We all have a few favorite albums that made a bigger impression on us than they did the public at large.
Joe Satriani recently sat down with Music Aficionado’s Joe Bosso to talk about “five great guitar albums you don’t know”—basically, some real gems he’s discovered over the years.
Satch said that while these albums aren’t known to the masses, “they’re fantastic albums with great guitar playing, so it’s good to show them the love they deserve.”
Enjoy these excerpts from the story, and visit Music Aficionado for the full interview.
Howlin’ Wolf—Howlin’ Wolf (1962)
“This is the music that influenced everybody who influenced me when I was 14. It took me a while to figure out who they were listening to. I’d read articles in rock magazines, and after enough people mentioned, ‘Hubert Sumlin on the Howlin’ Wolf album,’ I was like, ‘Hey, who is that already? I’ve gotta check that out.’
“Once I did, I started to see the connection between Hubert Sumlin and Jimmy Page and Keith Richards. The lineage became obvious. Hubert laid the groundwork for the gunslinger guitar guy accompanying a singer who was out of control.”
John Abercrombie—Timeless (1975)
“You’ve got John Abercrombie on guitar, Jan Hammer on organ and foot bass, and Jack DeJohnette on drums. It’s a jazz recording—here’s a big red flag for everybody—and it’s equally loose. The song ‘Timeless’ blew my mind when I first heard it. It’s such a gorgeous song in seven. And ‘Red and Orange,’ which Jan Hammer wrote, knocked me out, too. I listened to it and said, ‘What is John Abercrombie thinking? How does somebody hold on to music like that?’”
Michael Landau—Live 2000 (2000)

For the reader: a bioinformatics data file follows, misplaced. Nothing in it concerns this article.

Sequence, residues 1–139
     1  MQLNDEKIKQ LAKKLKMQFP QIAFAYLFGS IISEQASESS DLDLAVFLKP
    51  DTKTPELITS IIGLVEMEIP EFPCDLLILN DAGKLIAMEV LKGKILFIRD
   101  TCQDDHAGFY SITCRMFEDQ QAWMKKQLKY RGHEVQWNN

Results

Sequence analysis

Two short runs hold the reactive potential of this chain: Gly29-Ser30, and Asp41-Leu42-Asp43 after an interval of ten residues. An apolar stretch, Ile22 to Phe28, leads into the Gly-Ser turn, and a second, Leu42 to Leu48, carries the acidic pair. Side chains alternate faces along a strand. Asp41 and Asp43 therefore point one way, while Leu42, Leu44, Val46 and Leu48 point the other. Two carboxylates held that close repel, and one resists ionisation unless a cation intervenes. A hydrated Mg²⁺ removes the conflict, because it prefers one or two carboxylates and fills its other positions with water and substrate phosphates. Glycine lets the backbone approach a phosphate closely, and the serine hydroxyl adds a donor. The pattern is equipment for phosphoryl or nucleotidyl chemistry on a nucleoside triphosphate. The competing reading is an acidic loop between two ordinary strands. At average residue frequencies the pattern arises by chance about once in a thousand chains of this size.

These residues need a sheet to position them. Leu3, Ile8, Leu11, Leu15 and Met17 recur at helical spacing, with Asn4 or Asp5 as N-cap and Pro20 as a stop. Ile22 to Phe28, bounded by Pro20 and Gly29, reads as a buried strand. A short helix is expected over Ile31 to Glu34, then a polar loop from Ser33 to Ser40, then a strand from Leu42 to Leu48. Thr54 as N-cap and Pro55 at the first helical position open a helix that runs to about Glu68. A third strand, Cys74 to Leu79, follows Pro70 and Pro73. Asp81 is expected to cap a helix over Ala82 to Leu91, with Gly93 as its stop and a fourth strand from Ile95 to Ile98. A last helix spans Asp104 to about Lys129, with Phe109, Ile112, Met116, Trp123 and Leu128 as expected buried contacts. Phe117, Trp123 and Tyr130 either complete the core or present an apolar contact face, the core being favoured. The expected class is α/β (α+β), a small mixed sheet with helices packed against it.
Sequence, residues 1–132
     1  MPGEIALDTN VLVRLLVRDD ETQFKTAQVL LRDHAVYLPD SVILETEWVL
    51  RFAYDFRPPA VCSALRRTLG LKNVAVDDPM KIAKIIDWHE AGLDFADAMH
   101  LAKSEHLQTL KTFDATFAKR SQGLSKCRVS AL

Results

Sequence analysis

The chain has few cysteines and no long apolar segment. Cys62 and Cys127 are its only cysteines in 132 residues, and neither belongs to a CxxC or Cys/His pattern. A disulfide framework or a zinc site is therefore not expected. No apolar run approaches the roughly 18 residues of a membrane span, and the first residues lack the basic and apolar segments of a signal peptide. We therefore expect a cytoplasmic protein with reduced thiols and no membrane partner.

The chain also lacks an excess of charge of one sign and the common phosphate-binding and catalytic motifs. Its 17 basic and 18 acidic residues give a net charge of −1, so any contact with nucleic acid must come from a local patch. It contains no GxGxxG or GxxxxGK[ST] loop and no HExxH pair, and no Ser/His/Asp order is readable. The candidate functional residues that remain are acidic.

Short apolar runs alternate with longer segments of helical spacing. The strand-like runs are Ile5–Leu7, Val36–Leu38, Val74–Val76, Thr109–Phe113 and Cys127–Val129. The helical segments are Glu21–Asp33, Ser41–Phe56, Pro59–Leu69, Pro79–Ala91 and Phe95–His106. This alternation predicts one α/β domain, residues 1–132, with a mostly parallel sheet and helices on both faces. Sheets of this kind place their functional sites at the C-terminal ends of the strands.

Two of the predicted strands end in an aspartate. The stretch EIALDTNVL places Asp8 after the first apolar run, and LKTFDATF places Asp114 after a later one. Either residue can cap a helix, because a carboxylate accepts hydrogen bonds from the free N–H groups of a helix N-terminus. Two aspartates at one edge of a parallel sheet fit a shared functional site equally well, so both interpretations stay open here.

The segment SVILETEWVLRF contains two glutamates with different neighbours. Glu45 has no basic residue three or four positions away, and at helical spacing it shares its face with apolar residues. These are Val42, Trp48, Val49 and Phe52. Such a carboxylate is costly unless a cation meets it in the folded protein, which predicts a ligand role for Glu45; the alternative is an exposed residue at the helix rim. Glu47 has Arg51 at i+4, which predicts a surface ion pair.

“It was recorded at the Baked Potato, and they’re doing that very Los Angeles club thing. I don’t see that anywhere else. Landau is quite unique, and he does that thing so well. He’s just a special blend. He’s been on a lot of people's records, so you’ve heard him even if you don’t know it. Fantastic improvising on this album. No matter what these guys attempt, they pull it off.”
“It features Dug Pinnick from King’s X, Ray Luzier from Korn, and George Lynch, whom everybody knows from Dokken and Lynch Mob… George Lynch has a totally original set of fingers… He has a way of squeezing phrases out, and he can really make those high notes scream. On this record, though…he’s playing in a very artistic way but he also attacks the guitar quite savagely, like people know him for. It’s as if he’s got this huge new canvas and he’s using far more colors than he usually does.”
Glenn Hughes—Resonate (2016)
“This guitarist is somebody I don’t know who's also the co-producer, Soren Andersen, and man, he’s so good… It’s funny that I started this list by talking about Howlin’ Wolf, because a guy like Soren Andersen is totally into the future. His playing is very natural-sounding, and he manages to perform to the songs while still putting in some crazy textures. His choice of notes is interesting—every time I put the record on, I go, “Hey, I didn’t hear that before.”